Managers - it's up to YOU to drive employee engagement!
Managers can influence employee engagementAn interesting study was conducted by the Association for Talent Development, which found that managers have a growing influence over employee engagement levels. The data gathered from employee engagement surveys is valuable in identifying what is working in terms of action plans to increase engagement vs. allowing employees to find their own way. It turns out that when managers take on a style of management that includes communicating the value of engagement, employees get on board and show more enthusiasm. As a manager, how do you see your role in raising employee engagement levels in your organization? Maybe you are already a leader who understands how important this is, and have the kind of personality that encourages others. Or maybe you think this is just another thing that human resources has added to your already full plate
Having the right mindset mattersAccording to John Eades, President and CEO of LearnLoft, and a 2017 LinkedIn Top Voice, “Many managers see their job as a burden (instead of a blessing) and it's killing our organizations.” Managers can get so wrapped up in their day-to-day chores of supervising employees that they forget how much they wanted to be in a position of influence. But this is the wrong way to view leadership. Eades says that, “The mindset that managers have every day when they take this role has to be coming from the right place. This is not about making more money or power, it’s about making a positive impact on the lives of people on your team.” Getting employees more excited about the work they do, making them feel like they are contributing to the success of the organization, and using your leadership position to provide subordinates with career-growing opportunities - are all traits of a great manager. How important is employee engagement to your organization, and further, what can you do to encourage your team to make this connection? Somewhere around two-thirds of the workforce in the US is actively engaged at any given time. These are employees from all backgrounds, skillsets, and generations. The opportunity exists to make an impact as a manager; an investment that can serve your own goals.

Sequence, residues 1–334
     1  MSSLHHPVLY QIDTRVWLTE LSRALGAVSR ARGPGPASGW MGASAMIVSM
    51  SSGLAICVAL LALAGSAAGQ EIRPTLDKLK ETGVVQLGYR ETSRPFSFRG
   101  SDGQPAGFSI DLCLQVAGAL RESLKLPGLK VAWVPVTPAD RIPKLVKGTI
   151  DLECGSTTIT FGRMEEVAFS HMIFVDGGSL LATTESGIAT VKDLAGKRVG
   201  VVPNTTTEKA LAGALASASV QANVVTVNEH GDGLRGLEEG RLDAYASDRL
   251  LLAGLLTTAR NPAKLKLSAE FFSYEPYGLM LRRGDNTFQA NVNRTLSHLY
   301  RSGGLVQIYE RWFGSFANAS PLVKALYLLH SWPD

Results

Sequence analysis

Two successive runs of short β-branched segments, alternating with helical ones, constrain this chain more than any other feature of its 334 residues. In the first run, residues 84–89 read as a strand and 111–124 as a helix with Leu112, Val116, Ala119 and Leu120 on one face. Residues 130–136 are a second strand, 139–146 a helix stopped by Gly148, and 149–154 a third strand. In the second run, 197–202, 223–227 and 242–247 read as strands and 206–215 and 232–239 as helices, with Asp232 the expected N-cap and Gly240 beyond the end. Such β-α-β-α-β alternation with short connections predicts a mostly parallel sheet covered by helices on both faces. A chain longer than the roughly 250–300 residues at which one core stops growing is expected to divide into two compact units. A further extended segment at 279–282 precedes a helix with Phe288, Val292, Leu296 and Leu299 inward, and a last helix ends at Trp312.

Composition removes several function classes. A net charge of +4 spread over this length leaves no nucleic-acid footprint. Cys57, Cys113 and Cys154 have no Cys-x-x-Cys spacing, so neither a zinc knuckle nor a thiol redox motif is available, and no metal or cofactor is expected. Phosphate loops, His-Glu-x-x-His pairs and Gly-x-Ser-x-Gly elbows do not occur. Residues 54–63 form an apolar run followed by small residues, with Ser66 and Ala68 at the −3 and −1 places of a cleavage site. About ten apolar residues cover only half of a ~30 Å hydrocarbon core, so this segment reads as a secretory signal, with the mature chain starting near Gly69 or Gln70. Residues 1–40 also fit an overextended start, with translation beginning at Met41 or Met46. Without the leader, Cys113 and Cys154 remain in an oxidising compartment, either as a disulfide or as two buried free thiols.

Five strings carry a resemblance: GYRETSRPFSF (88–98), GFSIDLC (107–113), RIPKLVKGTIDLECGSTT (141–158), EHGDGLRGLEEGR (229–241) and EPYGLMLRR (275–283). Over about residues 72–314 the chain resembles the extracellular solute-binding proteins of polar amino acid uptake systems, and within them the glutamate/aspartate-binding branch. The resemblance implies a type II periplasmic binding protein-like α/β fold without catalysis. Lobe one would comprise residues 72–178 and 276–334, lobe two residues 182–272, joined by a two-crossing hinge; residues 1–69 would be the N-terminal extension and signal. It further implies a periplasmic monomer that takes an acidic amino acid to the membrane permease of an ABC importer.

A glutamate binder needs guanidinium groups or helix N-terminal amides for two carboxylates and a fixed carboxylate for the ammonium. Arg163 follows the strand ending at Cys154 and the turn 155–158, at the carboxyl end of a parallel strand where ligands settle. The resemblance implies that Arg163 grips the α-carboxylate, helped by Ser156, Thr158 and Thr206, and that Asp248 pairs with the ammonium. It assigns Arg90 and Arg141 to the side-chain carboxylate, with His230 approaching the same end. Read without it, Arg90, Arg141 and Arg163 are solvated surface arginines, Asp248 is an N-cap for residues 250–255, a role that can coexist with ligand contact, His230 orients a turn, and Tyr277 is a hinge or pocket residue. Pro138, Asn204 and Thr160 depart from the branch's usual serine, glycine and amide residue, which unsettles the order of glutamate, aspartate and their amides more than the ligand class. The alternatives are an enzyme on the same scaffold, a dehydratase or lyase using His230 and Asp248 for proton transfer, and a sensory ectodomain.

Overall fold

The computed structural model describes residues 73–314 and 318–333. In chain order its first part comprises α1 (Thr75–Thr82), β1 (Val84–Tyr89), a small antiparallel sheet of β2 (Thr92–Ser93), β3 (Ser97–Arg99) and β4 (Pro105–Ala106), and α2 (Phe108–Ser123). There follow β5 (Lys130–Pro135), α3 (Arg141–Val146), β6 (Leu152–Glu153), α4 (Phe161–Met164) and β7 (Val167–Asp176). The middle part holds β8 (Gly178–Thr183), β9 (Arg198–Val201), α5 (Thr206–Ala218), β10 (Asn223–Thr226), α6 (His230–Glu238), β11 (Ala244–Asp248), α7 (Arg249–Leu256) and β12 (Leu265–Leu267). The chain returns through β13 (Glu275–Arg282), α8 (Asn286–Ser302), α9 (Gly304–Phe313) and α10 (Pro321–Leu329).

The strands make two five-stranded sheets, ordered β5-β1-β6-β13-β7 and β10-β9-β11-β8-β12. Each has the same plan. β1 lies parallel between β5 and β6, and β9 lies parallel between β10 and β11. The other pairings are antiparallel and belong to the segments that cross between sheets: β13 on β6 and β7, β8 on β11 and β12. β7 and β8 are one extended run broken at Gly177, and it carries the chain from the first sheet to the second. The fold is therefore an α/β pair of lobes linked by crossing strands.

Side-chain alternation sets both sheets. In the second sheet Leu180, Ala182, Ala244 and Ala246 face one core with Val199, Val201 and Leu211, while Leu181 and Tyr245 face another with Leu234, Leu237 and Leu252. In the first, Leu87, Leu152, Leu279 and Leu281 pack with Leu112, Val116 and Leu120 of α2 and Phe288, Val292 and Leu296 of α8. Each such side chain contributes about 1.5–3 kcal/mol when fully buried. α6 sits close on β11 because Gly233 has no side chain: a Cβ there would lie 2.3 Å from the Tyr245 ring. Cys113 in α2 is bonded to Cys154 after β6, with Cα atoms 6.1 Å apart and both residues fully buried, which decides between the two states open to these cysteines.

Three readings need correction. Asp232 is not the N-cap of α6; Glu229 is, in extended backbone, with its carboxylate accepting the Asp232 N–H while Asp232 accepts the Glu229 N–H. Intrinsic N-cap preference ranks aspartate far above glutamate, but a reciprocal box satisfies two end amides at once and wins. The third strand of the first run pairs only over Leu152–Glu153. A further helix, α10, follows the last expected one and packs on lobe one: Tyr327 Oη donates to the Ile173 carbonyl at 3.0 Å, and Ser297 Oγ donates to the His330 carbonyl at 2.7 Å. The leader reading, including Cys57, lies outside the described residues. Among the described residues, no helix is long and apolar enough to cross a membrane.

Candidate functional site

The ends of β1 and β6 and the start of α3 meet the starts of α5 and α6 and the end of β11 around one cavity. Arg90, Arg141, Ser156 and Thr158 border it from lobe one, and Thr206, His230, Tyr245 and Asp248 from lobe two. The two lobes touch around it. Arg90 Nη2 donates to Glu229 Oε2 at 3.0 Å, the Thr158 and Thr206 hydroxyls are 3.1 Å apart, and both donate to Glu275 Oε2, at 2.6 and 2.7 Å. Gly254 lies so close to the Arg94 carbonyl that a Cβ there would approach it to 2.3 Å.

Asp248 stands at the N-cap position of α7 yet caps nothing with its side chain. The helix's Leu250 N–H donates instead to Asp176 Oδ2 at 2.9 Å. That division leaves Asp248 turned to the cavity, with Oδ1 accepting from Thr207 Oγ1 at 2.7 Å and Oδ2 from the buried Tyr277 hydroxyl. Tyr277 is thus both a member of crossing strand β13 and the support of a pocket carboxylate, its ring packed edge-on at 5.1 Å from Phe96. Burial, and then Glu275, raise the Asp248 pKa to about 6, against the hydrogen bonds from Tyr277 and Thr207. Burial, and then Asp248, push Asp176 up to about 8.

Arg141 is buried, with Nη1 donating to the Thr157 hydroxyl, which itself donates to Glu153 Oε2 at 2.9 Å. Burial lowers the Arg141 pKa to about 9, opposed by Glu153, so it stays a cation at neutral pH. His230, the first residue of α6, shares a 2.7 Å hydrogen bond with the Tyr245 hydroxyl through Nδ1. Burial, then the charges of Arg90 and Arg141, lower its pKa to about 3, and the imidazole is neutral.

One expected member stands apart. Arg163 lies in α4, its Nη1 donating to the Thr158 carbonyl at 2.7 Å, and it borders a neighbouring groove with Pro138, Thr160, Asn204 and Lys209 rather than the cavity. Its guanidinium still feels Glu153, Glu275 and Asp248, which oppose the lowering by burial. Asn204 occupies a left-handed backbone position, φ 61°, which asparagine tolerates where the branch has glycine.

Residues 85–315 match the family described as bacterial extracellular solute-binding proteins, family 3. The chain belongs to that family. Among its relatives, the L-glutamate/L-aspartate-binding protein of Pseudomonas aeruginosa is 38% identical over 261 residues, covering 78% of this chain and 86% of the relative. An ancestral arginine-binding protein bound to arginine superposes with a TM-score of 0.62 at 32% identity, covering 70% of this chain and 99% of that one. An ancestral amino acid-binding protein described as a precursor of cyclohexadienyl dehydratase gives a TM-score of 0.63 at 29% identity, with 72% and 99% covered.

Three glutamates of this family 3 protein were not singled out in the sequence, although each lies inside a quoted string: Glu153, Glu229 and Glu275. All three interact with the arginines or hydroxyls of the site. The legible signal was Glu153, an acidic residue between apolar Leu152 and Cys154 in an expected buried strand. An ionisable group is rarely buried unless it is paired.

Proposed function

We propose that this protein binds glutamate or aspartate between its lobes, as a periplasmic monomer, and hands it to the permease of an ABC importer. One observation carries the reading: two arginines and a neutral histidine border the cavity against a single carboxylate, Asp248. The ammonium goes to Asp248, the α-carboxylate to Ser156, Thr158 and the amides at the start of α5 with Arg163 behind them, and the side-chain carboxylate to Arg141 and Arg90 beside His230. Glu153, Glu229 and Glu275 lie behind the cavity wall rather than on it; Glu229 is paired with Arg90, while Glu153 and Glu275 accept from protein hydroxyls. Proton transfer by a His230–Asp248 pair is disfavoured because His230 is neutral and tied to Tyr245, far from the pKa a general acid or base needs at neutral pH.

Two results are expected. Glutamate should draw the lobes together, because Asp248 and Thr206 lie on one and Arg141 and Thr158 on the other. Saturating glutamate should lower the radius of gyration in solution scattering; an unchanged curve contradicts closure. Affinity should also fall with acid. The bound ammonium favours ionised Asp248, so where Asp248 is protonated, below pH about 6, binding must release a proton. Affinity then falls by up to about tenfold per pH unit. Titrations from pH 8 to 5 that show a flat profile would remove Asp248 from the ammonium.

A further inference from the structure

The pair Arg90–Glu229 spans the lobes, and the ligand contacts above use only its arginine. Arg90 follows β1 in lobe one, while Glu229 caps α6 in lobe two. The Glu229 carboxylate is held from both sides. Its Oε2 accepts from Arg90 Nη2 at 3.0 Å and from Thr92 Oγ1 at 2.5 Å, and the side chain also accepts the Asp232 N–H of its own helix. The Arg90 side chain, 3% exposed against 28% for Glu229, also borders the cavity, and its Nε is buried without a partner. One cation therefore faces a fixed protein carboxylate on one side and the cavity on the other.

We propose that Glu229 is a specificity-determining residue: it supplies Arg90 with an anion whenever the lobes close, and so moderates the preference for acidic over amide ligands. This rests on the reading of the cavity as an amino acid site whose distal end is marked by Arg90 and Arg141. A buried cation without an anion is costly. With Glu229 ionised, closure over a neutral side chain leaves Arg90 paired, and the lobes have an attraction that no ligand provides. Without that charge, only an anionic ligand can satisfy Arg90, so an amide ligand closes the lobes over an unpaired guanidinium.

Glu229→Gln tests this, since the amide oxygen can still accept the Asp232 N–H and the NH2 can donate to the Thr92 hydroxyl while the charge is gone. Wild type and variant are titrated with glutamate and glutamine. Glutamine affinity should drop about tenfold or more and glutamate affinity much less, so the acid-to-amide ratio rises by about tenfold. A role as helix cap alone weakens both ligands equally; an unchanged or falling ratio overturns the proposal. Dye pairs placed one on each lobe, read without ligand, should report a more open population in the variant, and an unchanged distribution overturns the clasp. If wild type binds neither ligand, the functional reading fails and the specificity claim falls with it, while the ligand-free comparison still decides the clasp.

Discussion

Set a clear example for othersFirst and foremost, as a manager you must be the one to set the bar high for others. Your team should see a daily demonstration of your standards. Once they see this employees will understand the importance of being engaged in their work and focusing on company goals.
Provide meaningful projects and tasksEmployees need to feel challenged in order to stay engaged. Give employees projects and duties that honor their skillsets and keep them wanting to learn more.
Match the right people for rolesNot everyone may be a good fit for your team. One outsider can bring down morale. It’s ok to swap employees with other managers in order to create the best teams across the organization. Hire smart and match people well to their roles, or let them go onto other departments where they may be more effective.
Ask for feedback and input from employeesYou won't know for sure if you are doing a good job as a manager unless you ask for feedback from your subordinates. Conduct 360 degree surveys on at least an annual basis, and use real-time employee engagement software to measure engagement levels all the time. A platform with two-way communication can help to address employee concerns promptly and privately.
Recognize effortsEngagement is often driven by recognition. When employees feel appreciated and supported for their efforts, they are more likely to stay connected to the goals of the organization. Remember, your role as a manager is to make others look good - and in return, you will be viewed as an outstanding leader. Employee engagement is everyone’s business. As a front-line manager, however, you have the biggest opportunity to impact the experience that employees have at work.
Find out how Thymometrics can help managers monitor and drive engagement effectively. Contact Thymometrics by email firstname.lastname@example.org, call +1 646 760 9323 (US) or +44 (0) 1223 750 251 (Europe) or visit thymometrics.com.
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